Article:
Carpenters for Christ work with Mt. Olive to build church

 Carpenters for Christ based at Cherry Street Baptist Church in Attalla brought together a team of construction workers from several states to work on Mt. Olive Church outside the Altoona town limits on U.S. 278. Churchmembers said on Monday, June 3. there was nothing but a slab at the building site across the street from their present church. By June 8, when this photos was taken, walls had been raised and workers were putting the roof on. Carpenters for Christ based at Cherry Street Baptist Church in Attalla brought together a team of construction workers from several states to work on Mt. Olive Church outside the Altoona town limits on U.S. 278. Churchmembers said on Monday, June 3. there was nothing but a slab at the building site across the street from their present church. By June 8, when this photos was taken, walls had been raised and workers were putting the roof on.

By Donna Thornton/News Editor

Construction of a new church for the congregation at Mt. Olive Church in the Altoona area has been a long process, but it has made great progress in the last two weeks, as a crew “Carpenters for Christ” went to work framing the building.

Dave Tidwell heads the Carpenters for Christ group based at Cherry Street Baptist Church in Attalla. He’s been on site with a group of workers from Indiana, Texas, Missouri, Ohio, Louisiana, Kansas, Arizona and other states at work on Mt. Olive’s church building.

The new church is being built across U.S. 278 from the current location of the church. The existing building is very old, according to members of the congregation. “Falling in” was the phrase used to describe the conditions.

Jim and Denise Lackey were on hand June 8 as the carpenters worked on the building – taking advantage of a good weather day after some rain interruptions during the preceding week. Tidwell said the weather had put the crew a bit behind.

“We should be putting on shingles today,” Tidwell said Saturday.

Denise said on the previous Monday, there’d been nothing but a slab on the hillside, workers were putting a roof on the building that Saturday.

“It’s went from nothing to this,” she said.

Jim Lackey said the congregation had been saving money for 15 or 20 years with the hope of eventually building a new facility.
Tidwell said churches like Mt. Olive, with a small congregation, often have a hard time raising the money needed to build.

Carpenters for Christ teams work to build churches in many areas. In fact, Tidwell said the build here at Mt. Olive and a project in March at Keener were the closest to home projects the group has done.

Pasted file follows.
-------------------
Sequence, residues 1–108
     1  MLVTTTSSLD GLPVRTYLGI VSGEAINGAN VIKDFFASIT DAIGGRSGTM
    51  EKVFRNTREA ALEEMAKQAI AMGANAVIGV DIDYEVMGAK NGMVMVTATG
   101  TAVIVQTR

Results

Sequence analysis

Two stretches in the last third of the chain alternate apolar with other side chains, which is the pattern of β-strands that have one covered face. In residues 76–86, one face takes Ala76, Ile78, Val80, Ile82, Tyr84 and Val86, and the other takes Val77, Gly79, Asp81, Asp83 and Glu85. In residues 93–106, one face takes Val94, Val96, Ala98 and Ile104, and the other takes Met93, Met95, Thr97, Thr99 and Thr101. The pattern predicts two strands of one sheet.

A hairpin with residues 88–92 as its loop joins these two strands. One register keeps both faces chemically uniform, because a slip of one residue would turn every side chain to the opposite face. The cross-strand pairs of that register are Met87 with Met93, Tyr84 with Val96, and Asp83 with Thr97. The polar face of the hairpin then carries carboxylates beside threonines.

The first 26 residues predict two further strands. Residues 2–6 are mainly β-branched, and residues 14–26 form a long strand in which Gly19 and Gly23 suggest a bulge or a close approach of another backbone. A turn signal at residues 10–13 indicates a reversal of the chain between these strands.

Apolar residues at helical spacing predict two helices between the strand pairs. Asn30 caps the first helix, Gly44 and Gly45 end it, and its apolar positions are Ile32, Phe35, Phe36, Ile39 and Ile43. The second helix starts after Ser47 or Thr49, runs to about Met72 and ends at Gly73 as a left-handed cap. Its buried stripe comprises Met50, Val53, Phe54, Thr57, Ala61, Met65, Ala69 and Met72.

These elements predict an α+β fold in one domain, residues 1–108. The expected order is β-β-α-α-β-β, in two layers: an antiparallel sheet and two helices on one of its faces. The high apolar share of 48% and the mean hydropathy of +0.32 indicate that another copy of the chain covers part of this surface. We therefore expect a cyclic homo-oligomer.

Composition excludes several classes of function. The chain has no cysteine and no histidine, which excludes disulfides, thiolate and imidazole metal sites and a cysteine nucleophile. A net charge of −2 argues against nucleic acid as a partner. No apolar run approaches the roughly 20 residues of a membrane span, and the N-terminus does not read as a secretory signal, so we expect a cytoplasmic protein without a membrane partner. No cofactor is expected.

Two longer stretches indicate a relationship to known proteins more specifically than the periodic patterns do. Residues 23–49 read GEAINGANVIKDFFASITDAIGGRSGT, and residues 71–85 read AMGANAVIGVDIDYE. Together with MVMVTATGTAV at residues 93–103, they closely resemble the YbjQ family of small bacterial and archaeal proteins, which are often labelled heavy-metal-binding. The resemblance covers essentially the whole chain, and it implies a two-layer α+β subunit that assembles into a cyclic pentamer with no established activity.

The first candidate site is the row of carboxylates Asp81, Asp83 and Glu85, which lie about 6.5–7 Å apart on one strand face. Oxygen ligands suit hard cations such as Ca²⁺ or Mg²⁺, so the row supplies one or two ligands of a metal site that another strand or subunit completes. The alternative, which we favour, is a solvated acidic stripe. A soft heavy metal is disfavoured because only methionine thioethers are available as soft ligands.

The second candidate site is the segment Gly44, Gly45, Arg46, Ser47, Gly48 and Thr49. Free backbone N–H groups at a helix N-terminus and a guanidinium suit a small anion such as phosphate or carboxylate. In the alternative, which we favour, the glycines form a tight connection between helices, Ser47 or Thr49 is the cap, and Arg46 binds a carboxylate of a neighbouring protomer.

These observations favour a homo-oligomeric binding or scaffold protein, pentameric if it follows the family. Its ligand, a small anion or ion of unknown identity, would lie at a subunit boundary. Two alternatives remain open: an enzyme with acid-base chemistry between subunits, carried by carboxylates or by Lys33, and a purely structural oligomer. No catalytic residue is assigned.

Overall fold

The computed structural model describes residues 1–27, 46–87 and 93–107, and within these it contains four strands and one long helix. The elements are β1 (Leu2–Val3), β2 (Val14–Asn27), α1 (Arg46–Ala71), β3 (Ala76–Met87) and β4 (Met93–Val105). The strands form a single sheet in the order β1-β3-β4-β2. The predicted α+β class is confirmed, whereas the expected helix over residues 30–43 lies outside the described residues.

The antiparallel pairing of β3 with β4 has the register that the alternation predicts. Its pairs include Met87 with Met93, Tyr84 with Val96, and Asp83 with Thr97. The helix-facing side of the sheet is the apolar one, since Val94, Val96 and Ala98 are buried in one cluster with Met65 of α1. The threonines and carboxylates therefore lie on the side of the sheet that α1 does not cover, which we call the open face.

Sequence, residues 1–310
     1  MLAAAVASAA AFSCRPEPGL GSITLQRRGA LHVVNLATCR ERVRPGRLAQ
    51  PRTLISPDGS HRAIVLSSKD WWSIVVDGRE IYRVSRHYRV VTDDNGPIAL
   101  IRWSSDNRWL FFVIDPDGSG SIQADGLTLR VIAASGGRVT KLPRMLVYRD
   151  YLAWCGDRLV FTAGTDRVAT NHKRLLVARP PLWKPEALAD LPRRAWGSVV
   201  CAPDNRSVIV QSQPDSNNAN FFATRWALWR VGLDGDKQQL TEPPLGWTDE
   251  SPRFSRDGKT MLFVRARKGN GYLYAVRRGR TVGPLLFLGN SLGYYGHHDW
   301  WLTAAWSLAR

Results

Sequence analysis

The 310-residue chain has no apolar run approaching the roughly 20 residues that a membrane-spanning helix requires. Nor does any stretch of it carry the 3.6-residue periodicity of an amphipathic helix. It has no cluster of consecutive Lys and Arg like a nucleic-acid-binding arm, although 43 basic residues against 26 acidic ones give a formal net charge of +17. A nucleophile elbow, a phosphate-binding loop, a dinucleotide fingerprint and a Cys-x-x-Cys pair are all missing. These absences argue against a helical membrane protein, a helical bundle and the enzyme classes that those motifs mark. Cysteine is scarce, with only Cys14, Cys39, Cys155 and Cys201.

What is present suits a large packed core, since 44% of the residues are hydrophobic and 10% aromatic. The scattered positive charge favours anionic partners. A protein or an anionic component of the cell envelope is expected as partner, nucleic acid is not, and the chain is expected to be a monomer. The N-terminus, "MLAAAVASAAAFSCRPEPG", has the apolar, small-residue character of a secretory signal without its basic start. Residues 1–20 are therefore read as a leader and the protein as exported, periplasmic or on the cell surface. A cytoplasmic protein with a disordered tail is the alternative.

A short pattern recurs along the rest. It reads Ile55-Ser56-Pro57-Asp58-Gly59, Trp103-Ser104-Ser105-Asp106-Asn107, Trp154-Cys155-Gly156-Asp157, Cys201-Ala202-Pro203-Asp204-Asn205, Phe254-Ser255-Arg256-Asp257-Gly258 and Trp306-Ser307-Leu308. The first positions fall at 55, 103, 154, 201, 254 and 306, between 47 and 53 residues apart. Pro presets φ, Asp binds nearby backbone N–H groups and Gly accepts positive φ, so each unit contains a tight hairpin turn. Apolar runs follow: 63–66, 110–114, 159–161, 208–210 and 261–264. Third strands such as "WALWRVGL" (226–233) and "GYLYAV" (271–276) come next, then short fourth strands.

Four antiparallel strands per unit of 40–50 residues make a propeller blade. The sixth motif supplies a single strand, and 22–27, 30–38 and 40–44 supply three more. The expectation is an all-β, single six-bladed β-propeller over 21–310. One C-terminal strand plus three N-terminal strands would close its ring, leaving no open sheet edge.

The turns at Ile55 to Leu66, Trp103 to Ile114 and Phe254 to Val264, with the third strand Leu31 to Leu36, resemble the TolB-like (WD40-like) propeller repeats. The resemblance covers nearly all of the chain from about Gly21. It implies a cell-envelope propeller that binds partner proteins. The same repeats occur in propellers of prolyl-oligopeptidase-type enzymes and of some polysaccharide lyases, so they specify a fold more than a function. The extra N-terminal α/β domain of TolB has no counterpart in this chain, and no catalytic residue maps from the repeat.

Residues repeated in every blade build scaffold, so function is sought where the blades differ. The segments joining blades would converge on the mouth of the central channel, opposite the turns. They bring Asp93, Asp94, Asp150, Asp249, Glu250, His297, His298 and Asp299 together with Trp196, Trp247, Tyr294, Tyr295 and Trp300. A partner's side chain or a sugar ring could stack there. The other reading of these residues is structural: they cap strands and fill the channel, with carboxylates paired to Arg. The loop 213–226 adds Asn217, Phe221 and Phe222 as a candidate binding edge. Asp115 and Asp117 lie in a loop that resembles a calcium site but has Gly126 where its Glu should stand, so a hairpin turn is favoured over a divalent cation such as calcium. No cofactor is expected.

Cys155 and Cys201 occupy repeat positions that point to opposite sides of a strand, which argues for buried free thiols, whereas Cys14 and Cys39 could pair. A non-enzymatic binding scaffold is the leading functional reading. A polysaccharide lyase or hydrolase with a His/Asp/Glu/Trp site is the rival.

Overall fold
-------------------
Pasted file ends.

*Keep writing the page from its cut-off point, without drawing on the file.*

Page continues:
The teams donate their labor, giving churches a great savings over conventional building.

Tidwell said on a conventional build, the cost per square foot could be between $85 and $125. With the assistance of Carpenters for Christ, that cost can be reduced to approximately $50 per square foot.

Tidwell said Mt. Olive Church has served the community for a long time, and needs the new building and the room to grow that it will provide.

“This is going to improve their ability to minister to their community,” Tidwell said. “That’s a blessing to us, to be a part of that.”
Tidwell said his group would be working at Mt. Olive through June 14. Another crew was expected in June 13, to do electrical work and another after that to do finishing work.

Tidwell said he began working with Carpenters for Christ based at First Baptist Church of Talladega. The group became so large that it was difficult for its members to travel and do projects together, so it split and the Cherry Street Baptist group was formed.
After many years with the group, Tidwell said he handles planning and logistics and lets others hammer the nails.

“We’ve got a team from Missouri, about 13 guys, and they’re all under 30. We needed them,” Tidwell joked. “None of us are getting any shorter in the tooth.”

And those young workers need to be part of this kind of ministry, he said, to carry it into the future.

Carpenters for Christ teams work with churches before agreeing to help with projects. Tidwell said there must be a need for the group’s assistance, and a commitment from the church congregation to take care of their workers when they come to a community to work on a church.

The Lackeys and many other members at Mt. Olive have been doing just that – feeding workers and doing their laundry.
Tidwell said the team usually does a spring project and a summer project. The spring effort typically is a smaller project, ad addition or renovation job, he said, and those projects usually are co-ed. During the summer, Tidwell explained, the teams take on larger, heavy construction project like the build at Mt. Olive, and use male-only teams.
 

 
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